Study: Veggie Consumption ‘Significantly’ Down Since Michelle O’s Lunch Standards

Drops 16.5 percent

March 5, 2015

A federally funded study on the effects of First Lady Michelle Obama’s school lunch standards found that vegetable consumption has "significantly decreased" since the rules went into effect.

The study, released by the University of Connecticut’s Rudd Center for Food Policy & Obesity, was praised by the U.S. Department of Agriculture as authoritative research that more kids are eating fruit and fewer are throwing away their food.

However, the USDA neglected to mention that the study found that kids are choosing vegetables 16.5 percent less of the time since the Healthy Hunger-Free Kids Act was enacted in 2012.

"The percentage of students selecting vegetables significantly decreased from 68 [percent] in 2012 to 62 [percent] in 2013," the study said.

Last year, even fewer students chose vegetables, dropping to 52 percent.

The study’s authors, a group of academics from UConn, Yale University, and Berkeley, rationalized the findings that since fewer kids were choosing vegetables to begin with, less ended up in the trash.

"The proportion of students who chose a vegetable dropped from 68 [percent] to 52 [percent], but students selecting vegetables ate nearly 20 [percent] more of them, effectively lowering vegetable waste," they said.

The research was based on 12 schools in urban and low-income districts in Connecticut. The results found that while fruit selection went up from 53.7 percent to 70.6 percent in the first year of the standards, it dropped to 66 percent in 2014.

The study also concluded that broccoli is not very popular with students, as it was the lowest consumed vegetable at 38 percent. Salad did not fare much better, at only 42 percent consumption.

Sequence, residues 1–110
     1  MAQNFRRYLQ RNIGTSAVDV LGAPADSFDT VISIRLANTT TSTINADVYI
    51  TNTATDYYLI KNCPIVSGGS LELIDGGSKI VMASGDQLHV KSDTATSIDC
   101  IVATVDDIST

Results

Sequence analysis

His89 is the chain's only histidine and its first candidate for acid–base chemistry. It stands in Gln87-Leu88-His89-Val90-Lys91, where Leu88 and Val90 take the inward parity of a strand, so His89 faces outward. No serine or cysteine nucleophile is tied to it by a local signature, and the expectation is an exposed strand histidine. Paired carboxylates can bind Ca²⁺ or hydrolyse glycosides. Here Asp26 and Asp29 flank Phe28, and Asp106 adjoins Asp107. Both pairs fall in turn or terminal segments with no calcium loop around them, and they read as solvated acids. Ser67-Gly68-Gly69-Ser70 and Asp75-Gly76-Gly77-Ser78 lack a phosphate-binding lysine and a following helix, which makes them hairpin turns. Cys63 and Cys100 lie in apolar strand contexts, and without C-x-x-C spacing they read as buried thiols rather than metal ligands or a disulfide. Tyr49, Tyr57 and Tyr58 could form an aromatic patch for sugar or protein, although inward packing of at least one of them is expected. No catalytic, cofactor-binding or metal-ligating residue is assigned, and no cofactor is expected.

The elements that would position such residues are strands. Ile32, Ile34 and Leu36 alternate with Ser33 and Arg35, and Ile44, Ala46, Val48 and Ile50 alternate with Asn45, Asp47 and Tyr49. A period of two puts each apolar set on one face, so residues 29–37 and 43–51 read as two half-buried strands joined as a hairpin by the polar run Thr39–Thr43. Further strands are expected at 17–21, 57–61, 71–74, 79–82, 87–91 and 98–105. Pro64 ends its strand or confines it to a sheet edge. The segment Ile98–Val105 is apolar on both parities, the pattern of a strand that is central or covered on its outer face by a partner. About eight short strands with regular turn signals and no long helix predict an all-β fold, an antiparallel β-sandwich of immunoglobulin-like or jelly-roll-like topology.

The study was financed by a $2,259,542 National Institutes of Health (NIH) project that is examining School Wellness Policy in New Haven public schools.

One of the study’s authors, Marlene B. Schwartz, the director for UConn’s Rudd Center, favors a soda tax, and wants to limit advertising of junk food to children.

"Children deserve to grow up in environments free from a barrage of messages to eat and drink unhealthy food," she wrote in a paper released last November. "Given the effect on children’s health and future health care costs, food marketing to youth represents a serious business that warrants attention."

The Center also advocates for a soda tax, arguing, "Taxes on sugar-sweetened beverages (SSBs) can generate considerable revenue for states, cities, and the nation."

An ideal tax for the center would include soft drinks, fruit drinks, sports drinks, ready to drink tea, energy drinks, flavored water, and ready to drink coffee, according to the Center’s revenue calculator. Such a law would take $787.4 million from New York taxpayers, according to the calculator.

The Center also advocates for "weight discrimination" legislation, and is also looking at laws that would address "possible addictive properties of certain foods or beverages."

The researchers said their study is limited because data was only collected once a year.

"This creates the possibility that an extremely popular entree such as pizza could disproportionately influence our findings," they said. "Fortunately, this concern is reduced because there were 17 different entree served across the 36 days and no single option was systematically present in a particular school or year."

The researchers were also puzzled as to why their sample size shrunk every year. In the first year of the standards, more than 1 million kids stopped buying school lunch, according to the Government Accountability Office (GAO).

"An additional limitation is that we do not know why our sample size decreased each year," the study said. "Unfortunately, we were not able to collect data on the students from our cohort who did not choose the school lunch."

"We do not know whether they were absent that day, eating a lunch from home or outside of school, or not eating at all," they continued. "One reason for the decrease may be that, as the students grew older, they are less likely to participate in the school lunch."

The researchers reasoned that students might have dropped out because "they did not like the new options," but said participation in the school lunch program had been declining before the standards.

However, the GAO found that 1.2 million kids left the lunch line the first year the new standards were in effect, after participation in the program had "increased steadily for many years" prior to that.

Published under: Government Spending